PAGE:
Generational poverty was considered the biggest issue facing low- and moderate-income (LMI) households and communities, according to the most recent Community Development Outlook Survey, conducted by the St. Louis Fed’s Community Development area. This was the first time since the survey’s 2011 inception that job availability was not considered as having the biggest negative impact.
The survey asked a variety of stakeholders from Eighth Federal Reserve District states about issues facing LMI individuals, households and communities.1 Regarding issues impacting LMI households and communities, job availability narrowly trailed generational poverty as having the greatest negative impact. One respondent from Indiana noted: “Our community relies on low-level jobs and there are not enough good jobs for college graduates that offer appropriate pay. College graduates are leaving our community for better opportunities.” Other issues affecting these households and communities are in the figure below.
The next generation in LMI communities is expected to face similar issues. The top three challenges according to the survey were job availability, generational poverty and education.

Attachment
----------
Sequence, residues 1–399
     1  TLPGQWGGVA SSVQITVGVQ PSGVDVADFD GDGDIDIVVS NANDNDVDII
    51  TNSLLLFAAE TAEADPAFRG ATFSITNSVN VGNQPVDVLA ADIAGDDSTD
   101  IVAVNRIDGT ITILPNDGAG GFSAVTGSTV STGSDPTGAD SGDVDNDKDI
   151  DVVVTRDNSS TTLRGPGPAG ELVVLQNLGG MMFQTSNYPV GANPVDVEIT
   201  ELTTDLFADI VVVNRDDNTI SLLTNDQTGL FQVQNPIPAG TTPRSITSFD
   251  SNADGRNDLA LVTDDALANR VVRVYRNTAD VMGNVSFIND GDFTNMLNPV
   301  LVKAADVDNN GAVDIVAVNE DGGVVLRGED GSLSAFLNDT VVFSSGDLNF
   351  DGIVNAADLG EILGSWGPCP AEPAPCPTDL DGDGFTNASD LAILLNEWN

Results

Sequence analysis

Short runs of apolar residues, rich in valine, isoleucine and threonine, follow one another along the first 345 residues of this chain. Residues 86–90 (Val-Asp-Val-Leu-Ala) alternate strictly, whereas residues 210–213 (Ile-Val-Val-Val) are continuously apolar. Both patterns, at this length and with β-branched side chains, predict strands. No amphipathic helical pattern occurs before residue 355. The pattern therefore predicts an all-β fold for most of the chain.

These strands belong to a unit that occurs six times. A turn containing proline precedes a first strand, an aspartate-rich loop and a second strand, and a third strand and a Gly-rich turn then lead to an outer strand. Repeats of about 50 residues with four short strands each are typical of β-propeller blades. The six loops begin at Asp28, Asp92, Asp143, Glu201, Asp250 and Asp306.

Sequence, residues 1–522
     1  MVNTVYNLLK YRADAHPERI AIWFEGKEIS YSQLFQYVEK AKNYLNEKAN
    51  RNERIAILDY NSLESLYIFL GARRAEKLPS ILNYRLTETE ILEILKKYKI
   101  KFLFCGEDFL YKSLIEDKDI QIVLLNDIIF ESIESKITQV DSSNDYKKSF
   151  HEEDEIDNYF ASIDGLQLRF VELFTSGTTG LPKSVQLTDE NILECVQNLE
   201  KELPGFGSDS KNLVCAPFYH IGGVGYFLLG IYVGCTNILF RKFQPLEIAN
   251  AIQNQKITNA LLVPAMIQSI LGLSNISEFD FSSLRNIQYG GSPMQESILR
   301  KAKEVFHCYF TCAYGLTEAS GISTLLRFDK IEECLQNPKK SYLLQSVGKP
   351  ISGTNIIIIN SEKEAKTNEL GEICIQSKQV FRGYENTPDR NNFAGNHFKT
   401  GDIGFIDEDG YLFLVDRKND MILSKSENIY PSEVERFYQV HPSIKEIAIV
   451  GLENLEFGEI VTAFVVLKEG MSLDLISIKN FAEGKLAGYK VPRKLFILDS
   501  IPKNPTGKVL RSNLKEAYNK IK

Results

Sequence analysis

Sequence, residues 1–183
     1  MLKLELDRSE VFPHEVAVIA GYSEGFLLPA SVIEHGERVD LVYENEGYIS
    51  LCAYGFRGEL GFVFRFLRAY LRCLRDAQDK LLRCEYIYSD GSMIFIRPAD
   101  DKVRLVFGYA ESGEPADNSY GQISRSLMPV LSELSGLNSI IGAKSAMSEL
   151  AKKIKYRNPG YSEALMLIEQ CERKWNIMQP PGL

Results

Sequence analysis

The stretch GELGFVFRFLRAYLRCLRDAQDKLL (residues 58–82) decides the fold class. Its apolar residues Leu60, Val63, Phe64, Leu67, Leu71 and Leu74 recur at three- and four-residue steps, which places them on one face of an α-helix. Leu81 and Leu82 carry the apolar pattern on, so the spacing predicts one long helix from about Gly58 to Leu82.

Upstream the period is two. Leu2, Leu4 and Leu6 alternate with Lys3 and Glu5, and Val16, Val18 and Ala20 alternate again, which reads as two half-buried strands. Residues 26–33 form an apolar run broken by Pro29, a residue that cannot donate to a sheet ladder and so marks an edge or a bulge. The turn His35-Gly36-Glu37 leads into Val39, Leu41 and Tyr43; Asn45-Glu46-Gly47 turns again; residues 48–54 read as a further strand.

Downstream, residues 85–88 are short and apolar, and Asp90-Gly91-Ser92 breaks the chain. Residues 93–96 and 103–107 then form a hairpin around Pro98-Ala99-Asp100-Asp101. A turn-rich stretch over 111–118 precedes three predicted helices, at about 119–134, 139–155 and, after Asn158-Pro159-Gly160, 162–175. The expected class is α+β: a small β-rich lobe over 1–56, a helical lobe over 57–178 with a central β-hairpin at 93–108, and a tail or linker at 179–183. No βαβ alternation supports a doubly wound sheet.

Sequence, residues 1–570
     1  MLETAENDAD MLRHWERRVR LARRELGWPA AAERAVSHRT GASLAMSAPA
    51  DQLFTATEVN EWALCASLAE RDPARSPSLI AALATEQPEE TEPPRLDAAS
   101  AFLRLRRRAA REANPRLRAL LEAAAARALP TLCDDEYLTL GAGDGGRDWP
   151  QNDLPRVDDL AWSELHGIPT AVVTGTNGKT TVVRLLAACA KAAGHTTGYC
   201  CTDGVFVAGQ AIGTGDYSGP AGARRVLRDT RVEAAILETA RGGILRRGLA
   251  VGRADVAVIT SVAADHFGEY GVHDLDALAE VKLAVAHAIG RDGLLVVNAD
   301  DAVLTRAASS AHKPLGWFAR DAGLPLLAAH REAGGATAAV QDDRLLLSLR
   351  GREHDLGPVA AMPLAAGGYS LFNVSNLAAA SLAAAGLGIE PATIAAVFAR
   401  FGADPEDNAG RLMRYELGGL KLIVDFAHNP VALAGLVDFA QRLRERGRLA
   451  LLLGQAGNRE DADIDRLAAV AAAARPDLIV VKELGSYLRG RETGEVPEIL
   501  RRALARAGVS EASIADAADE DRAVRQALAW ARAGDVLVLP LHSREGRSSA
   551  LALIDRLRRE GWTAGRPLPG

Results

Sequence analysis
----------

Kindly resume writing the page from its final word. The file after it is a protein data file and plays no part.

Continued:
Survey respondents were asked about the general economic conditions of LMI communities compared with six months ago. 20.1 percent said conditions were improving, compared to only 18.7 percent saying the same in the 2014 survey. 63.7 percent said conditions were staying the same, and 16.3 percent said conditions were declining. The percentages from the 2014 survey were 64.3 percent and 17.0 percent, respectively.
Regarding the future of LMI people and households, 38.4 percent of respondents said the status of LMI people and households would be better in three to five years, while only 18.5 percent said their status would be worse. The percentages from the 2014 survey were 38.6 percent and 21.4 percent, respectively.
In addition, the survey gathered responses on ways to help LMI households. The figure below shows the responses to the question: Which one of the following assets is most important in helping to increase the financial stability of LMI households?
The survey also noted the top actions that organizations or communities could take to improve the outlook for LMI individuals if funding was not a concern. The top three responses were:
This marked the first time since the survey’s inception that improving workforce development programs was the most cited response.
1 Eighth District states are Arkansas, Illinois, Indiana, Kentucky, Mississippi, Missouri and Tennessee.